The purpose of that exercise is to prove that, when the artificial chapter and verse numbers are eliminated, the transition from what we call chapter 19 into chapter 20 is completely transparent. There is absolutely nothing in the text that would indicate that the Apostle John is suddenly beginning to repeat information he had purportedly cited six previous times in this epistle. His repetitive use of the very same conjunction argues convincingly that John’s intention was to recount a succession of events that ran chronologically. And, I would contend that that is the only way a First Century reader, unaware of the artificial division created by the demarcation of “Chapter 20,” would have understood John’s words.
By the way, it’s easy to test my contention. Find someone who is completely unfamiliar with the Bible; someone who has never read the book of Revelation before. Then, give them the pericope cited above and ask them to find the chapter division. What they will discover is that there is nothing in the text to indicate where the chapter should start, nor anything that would cause them to conclude that midway through this description John broke from his chronology and started recapitulating something he must have previously written. It’s simply not in the text.
So, that’s where the rubber hits the proverbial road, exegetically speaking. No opponent of the premillennial view has offered a sufficient reason to ignore John’s conjunctions. Neither have they proven that John’s intention was to start recapitulating at the precise point where Chapter 20 starts. And short of that proof, the only reason to insist that Revelation 20:1-6 is a retelling of previous information is because your system demands it. But, that’s not exegesis.
You know, when an Arminian argues that way, utilizing the same “follow my system” approach, we Reformed folk jump all over them to point out their error. The Reformed exegete will usually argue from the text and carefully prove that the original author’s intentions are best demonstrated by the words they chose to use. But, for some reason, when it comes to eschatology, the rules of careful exegesis are too often suspended if favor of interpretive schemes (which, by the way, I counter in every instance, whether that scheme is a-mil or pre-mil).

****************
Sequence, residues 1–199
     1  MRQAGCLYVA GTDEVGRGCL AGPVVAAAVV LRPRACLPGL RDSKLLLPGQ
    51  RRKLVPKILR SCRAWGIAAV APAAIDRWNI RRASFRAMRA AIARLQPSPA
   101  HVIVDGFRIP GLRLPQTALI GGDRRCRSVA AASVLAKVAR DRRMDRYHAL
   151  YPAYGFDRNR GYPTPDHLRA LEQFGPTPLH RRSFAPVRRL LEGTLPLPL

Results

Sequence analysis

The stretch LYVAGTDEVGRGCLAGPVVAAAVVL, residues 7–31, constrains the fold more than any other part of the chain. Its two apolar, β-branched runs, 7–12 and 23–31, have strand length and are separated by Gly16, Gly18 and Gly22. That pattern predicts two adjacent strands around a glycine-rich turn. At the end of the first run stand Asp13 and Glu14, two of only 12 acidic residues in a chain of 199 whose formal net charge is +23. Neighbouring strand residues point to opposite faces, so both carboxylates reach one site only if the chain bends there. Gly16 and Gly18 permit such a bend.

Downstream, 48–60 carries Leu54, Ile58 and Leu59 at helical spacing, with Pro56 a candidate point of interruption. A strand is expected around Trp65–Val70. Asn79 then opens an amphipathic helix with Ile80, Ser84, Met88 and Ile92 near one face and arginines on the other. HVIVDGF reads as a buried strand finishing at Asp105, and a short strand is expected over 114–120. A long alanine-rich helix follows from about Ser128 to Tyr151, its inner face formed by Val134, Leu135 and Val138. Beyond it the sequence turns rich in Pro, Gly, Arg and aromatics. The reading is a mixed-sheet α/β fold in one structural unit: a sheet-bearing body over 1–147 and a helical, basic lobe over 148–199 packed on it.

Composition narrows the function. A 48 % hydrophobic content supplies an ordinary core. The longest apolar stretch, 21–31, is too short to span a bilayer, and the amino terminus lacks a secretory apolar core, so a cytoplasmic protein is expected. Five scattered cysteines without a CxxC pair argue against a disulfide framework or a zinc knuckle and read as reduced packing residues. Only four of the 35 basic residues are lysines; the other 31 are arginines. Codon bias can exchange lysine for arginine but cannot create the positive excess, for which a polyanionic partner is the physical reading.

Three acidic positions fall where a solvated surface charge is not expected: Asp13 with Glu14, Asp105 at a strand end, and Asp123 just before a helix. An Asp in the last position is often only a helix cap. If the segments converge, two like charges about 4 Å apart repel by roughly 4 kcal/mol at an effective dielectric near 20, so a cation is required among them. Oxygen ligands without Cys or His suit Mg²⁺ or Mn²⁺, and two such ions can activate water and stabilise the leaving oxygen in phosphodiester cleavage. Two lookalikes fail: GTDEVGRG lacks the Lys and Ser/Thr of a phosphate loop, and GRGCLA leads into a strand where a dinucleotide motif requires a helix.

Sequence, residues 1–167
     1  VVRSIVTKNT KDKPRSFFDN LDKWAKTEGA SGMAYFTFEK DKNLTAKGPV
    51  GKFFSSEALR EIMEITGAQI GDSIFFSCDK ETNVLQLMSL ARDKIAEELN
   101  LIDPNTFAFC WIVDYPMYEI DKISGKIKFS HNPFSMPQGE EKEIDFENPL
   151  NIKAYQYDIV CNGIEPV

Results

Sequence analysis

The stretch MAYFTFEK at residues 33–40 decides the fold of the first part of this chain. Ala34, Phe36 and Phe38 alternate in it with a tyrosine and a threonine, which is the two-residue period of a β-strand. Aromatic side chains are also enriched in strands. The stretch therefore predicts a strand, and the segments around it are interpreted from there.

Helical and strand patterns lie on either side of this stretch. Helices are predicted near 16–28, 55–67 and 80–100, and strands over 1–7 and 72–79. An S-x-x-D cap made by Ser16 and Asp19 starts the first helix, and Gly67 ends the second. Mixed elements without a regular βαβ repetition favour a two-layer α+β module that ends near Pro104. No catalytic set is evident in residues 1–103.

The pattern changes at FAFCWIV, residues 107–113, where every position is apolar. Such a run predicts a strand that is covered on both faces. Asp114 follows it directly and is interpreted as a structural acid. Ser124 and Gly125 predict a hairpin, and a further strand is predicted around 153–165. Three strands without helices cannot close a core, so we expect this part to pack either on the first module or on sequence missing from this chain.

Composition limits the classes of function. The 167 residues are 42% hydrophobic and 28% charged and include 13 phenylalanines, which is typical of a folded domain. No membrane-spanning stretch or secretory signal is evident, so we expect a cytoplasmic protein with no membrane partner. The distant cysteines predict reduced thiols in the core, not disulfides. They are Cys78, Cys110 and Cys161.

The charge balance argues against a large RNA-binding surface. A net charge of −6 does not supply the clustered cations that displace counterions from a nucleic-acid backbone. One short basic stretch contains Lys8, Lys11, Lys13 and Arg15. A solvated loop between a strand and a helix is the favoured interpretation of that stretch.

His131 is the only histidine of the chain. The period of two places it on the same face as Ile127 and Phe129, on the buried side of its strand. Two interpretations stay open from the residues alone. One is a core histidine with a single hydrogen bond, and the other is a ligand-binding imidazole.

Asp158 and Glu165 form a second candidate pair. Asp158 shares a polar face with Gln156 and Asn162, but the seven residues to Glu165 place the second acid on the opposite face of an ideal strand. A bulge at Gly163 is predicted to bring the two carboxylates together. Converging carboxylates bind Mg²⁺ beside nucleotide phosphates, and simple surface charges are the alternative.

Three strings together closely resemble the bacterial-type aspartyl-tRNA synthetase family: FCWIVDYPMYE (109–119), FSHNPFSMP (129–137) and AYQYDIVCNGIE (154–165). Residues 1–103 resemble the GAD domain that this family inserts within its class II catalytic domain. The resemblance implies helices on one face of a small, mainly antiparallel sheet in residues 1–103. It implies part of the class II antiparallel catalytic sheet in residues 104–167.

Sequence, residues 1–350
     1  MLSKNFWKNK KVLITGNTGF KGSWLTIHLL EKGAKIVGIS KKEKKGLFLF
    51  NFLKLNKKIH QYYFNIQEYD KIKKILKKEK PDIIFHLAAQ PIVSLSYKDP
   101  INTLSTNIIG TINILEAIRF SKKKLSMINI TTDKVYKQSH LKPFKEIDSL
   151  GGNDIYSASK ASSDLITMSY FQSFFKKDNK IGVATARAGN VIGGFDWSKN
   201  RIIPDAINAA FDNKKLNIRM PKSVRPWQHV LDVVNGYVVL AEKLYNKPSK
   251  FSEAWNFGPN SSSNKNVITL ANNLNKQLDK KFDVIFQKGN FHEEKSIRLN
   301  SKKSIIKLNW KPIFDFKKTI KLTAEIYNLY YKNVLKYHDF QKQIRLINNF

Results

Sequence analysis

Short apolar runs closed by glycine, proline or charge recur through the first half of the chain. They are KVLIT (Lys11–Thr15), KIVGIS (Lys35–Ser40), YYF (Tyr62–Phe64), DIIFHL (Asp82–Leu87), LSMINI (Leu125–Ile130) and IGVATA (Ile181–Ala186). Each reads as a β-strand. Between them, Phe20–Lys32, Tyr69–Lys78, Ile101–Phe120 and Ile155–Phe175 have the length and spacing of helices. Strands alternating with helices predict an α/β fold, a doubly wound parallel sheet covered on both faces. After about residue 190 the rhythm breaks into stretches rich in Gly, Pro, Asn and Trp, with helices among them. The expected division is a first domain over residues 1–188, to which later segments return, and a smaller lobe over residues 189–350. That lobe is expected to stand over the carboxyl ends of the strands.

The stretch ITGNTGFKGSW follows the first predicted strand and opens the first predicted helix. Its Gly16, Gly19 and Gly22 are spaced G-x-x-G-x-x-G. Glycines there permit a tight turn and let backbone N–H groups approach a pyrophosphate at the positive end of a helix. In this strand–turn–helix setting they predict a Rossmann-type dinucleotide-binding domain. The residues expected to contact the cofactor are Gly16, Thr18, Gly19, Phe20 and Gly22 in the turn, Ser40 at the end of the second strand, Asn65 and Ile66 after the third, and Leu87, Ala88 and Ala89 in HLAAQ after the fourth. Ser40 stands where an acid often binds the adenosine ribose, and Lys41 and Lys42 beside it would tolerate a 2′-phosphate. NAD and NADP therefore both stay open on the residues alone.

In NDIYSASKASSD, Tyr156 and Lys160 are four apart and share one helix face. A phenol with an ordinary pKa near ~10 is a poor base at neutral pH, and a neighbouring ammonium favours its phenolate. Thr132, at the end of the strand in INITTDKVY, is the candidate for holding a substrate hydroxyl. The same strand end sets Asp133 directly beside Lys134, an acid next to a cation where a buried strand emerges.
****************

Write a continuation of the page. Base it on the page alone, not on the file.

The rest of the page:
Historically, the notion that John’s Apocalypse included several recapitulations was unknown to the early church. Consequently, for the first 300/400 years of the Church’s existence, Chiliasm (premillennialism) was the uncontested orthodox view. You may be familiar with the name Origen of Alexandria. He was active in the early-to-mid 3rd Century. He is considered the father of the allegorical method of Bible interpretation. His student, a fellow named Tyconius, of the sect of the Donatists, had a great deal of influence on Augustine. Late in the Fourth Century, Tyconius created his seven rules of bible interpretation. Tyconius was one of the earliest theologians to challenge the chiliastic view. He contended that the millennial period was being fulfilled in the present age and that the thousand years mentioned in Revelation 20 were not meant to be understood literally (based on the allegorical hermeneutic he adopted from Origen).
The reason that’s germane to our present discussion is that the sixth of Tyconius’s seven rules states, “What appears to be sequence may actually be recapitulation.” Augustine adopted the interpretive principles espoused by Tyconius and developed the fundamentals of what has come to be known as Amillennialism on that basis. His views were published by the Roman emperor (primarily for political advantage) and Augustine’s eschatology has been standard Catholic dogma ever since.
The idea of recapitulation, introduced by Tyconius in the Fourth Century, has been kept alive by contemporary writers, such as Hoekema, Riddlebarger, and Hendrickson. But, what should be immediately apparent is that this idea stems from a system devised by an allegorist for the primary purpose of advancing an agenda. It does not come from applying straight-forward exegesis to the pertinent texts.
Okay … short question, long answer.
Yours in Him,